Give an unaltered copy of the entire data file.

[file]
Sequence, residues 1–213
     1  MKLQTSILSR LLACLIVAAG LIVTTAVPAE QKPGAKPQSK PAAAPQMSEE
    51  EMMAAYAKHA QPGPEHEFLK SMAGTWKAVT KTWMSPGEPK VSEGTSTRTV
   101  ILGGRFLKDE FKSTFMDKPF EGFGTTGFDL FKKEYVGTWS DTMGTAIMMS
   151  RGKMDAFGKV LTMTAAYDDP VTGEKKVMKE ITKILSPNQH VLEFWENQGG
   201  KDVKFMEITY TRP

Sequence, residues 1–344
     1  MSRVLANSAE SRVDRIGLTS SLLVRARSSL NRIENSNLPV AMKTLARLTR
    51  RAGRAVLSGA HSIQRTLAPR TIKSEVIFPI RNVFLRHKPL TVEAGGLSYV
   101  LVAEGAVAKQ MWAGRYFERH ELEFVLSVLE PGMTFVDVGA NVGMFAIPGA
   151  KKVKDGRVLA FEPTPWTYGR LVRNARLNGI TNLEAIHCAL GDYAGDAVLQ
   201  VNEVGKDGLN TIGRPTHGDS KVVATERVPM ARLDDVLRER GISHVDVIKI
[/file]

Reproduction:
Sequence, residues 1–213
     1  MKLQTSILSR LLACLIVAAG LIVTTAVPAE QKPGAKPQSK PAAAPQMSEE
    51  EMMAAYAKHA QPGPEHEFLK SMAGTWKAVT KTWMSPGEPK VSEGTSTRTV
   101  ILGGRFLKDE FKSTFMDKPF EGFGTTGFDL FKKEYVGTWS DTMGTAIMMS
   151  RGKMDAFGKV LTMTAAYDDP VTGEKKVMKE ITKILSPNQH VLEFWENQGG
   201  KDVKFMEITY TRP

Sequence, residues 1–344
     1  MSRVLANSAE SRVDRIGLTS SLLVRARSSL NRIENSNLPV AMKTLARLTR
    51  RAGRAVLSGA HSIQRTLAPR TIKSEVIFPI RNVFLRHKPL TVEAGGLSYV
   101  LVAEGAVAKQ MWAGRYFERH ELEFVLSVLE PGMTFVDVGA NVGMFAIPGA
   151  KKVKDGRVLA FEPTPWTYGR LVRNARLNGI TNLEAIHCAL GDYAGDAVLQ
   201  VNEVGKDGLN TIGRPTHGDS KVVATERVPM ARLDDVLRER GISHVDVIKI